was a vote heard round the world. European newspapers
described it as a "political earthquake." Spain's
conservative Popular Party, headed by Prime Minister
Jose Maria Aznar, was defeated in an election
on Sunday that was clearly determined by public
opposition to Spain's participation in the Iraq
Bush administration has now lost one of its most
outspoken and prominent allies in the occupation
of Iraq, second only to Britain's Tony Blair.
But what is most remarkable about the election
is that it happened just three days after Spain
fell victim to the deadliest terrorist attack
on the European mainland since World War II.
least 200 people were killed and over 1500 wounded
in the bombings of rush-hour trains in Madrid.
Evidence so far points to people associated with
Al Qaeda as responsible.
instead of rallying around the ruling party in
the wake of this horrific attack -- as often happens
-- millions blamed the government for involving
Spain in a war that 90 percent of the Spanish
people had opposed. Thousands of demonstrators
took to the streets on Saturday with angry messages
such as "Your War, Our Dead."
anger prevailed, fueled also by suspicions that
the government -- which initially blamed the Basque
separatist group ETA for the bombings -- was trying
to withhold information about the perpetrators.
The ruling party -- which was ahead in the polls
just a few days earlier -- knew that if Al-Qaeda
were seen to be responsible, it would cost them
June 30 I will give the order for [Spanish troops]
to return home," said Jose Luis Rodriquez Zapatero,
the leader of the winning Socialist Party, on
Thursday. This pledge proved decisive to a majority
of voters, who turned out in very large numbers.
is hard to imagine such a scenario in the United
States, where our governing party was able to
take both houses of Congress in 2002, partly by
beating the drums of war and diverting attention
from all the other issues on which it was vulnerable.
President Bush has skillfully used the tragedy
of September 11, not only to launch the war in
Iraq -- which had nothing to do with Al-Qaeda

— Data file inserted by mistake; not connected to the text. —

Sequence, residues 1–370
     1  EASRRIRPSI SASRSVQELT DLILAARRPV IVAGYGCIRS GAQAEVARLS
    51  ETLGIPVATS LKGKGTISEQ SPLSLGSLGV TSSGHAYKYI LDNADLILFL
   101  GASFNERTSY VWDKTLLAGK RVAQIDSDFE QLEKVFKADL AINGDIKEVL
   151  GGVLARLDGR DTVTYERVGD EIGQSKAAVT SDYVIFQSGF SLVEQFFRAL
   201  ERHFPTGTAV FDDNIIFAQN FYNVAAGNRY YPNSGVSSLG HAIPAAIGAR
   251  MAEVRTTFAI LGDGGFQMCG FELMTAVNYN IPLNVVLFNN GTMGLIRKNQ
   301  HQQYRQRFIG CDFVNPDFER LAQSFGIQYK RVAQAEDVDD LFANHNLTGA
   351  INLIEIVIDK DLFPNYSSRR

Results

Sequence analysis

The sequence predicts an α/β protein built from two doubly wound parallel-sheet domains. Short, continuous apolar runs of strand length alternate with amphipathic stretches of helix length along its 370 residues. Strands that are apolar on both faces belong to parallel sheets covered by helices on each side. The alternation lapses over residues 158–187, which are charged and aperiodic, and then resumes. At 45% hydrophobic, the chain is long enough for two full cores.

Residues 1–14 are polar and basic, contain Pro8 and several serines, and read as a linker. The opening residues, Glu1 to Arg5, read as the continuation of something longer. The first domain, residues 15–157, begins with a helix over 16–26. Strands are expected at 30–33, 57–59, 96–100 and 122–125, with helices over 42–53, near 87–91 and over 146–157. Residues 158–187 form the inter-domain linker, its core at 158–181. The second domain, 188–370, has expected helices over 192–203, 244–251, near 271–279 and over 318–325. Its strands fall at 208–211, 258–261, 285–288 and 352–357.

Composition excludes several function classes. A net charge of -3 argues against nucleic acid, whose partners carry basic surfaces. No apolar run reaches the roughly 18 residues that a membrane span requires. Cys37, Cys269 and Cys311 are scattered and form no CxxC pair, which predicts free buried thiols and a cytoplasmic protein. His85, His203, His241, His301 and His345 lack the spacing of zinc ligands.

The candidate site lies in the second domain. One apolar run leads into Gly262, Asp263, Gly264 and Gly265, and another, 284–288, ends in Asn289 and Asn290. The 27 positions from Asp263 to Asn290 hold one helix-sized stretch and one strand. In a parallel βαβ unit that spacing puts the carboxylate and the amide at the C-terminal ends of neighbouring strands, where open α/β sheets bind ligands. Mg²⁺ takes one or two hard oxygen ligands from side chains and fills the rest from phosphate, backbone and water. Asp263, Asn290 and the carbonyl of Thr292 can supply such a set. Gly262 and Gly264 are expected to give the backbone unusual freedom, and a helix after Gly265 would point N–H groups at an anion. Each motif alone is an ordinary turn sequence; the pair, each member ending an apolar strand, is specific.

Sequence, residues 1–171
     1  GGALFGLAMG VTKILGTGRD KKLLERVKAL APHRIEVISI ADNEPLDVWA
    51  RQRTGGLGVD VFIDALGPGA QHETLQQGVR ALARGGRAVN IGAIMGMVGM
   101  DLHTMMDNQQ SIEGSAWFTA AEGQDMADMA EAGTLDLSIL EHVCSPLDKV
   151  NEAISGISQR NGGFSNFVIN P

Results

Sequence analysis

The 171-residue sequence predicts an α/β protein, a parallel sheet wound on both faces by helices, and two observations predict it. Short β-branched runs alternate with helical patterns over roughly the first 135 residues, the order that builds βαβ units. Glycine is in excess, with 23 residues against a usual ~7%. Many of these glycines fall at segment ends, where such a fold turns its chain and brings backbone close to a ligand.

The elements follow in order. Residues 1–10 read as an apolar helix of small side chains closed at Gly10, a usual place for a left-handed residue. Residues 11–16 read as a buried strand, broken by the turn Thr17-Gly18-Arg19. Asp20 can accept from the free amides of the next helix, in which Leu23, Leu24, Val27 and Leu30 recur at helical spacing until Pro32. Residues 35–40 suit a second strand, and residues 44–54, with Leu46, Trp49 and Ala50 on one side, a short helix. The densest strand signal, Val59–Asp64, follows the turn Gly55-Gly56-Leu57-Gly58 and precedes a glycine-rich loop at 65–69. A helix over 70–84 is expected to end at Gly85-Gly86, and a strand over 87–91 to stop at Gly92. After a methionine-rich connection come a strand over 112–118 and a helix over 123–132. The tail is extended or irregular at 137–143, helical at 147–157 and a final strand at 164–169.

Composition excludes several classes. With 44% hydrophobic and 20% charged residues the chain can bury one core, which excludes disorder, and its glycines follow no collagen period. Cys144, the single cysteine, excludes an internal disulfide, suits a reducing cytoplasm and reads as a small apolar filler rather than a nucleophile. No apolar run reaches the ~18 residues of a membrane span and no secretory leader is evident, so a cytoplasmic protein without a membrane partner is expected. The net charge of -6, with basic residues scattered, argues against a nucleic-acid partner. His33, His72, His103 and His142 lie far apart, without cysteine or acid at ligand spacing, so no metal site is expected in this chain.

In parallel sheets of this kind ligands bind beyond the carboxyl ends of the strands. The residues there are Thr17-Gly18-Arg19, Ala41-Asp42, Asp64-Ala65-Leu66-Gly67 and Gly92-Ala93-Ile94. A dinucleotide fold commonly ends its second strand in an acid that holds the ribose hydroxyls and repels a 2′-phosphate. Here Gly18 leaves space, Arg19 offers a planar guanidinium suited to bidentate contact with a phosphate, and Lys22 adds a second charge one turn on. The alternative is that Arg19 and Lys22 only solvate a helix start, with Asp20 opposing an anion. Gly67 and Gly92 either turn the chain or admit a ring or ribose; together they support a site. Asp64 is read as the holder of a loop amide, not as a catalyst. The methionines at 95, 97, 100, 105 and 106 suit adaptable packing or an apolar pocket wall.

or terrorism -- but for issues seemingly even
less related, such as tax cuts for the wealthy
and "fast-track" authority for trade negotiations.
a majority of Americans now think that the war
was not worth it, according to recent polls. Millions
are also aware that terrorism directed against
Americans is overwhelmingly a result of our foreign
policy, and not the other way around. For Spanish
voters, the solution was clear: stop participating
in the conquest and occupation of other nations.
will eventually come to the same conclusion, but
when? In the first weeks after September 11, 2001,
there were some who began to ask -- like children
who do not know that such questions are inappropriate
-- "Why do they hate us?" But this line of inquiry
was quickly dropped. Soon the "war against terrorism"
had become the replacement for the all-encompassing
"war against Communism" that had served as pretext
for all the terrible things (invasions, military
coups, massacres, dictators) that our government
supported throughout most of the post-World-War
pundits and editorial writers here will lament
about "Spain giving in to terrorism," and how
Spain's election will only "encourage terrorism."
On Sunday our Secretary of Defense Donald Rumsfeld
criticized the Spanish opposition: "It's like
feeding an alligator, hoping it eats you last.
And it's not a terribly proud posture, in my view."
couldn't be more wrong. A more appropriate metaphor
would have Mr. Rumsfeld kicking and stomping on
an alligator, which would otherwise not have become
Spanish people should indeed be proud that in
the face of a heart-wrenching national tragedy,
while still mourning their dead and caring for
their wounded, they refused to be manipulated.
With courage and rationality, they decided that
it was not enough to fight such barbarity through
increased security or law enforcement, while allowing
their government to continue provoking it. They
decided to do something about the cause of the
will be a great day for the United States -- and
the world -- when we do the same.
Weisbrot is Co-Director of the Center for Economic
and Policy Research (www.cepr.net), in Washington,
Posted: March 22, 2004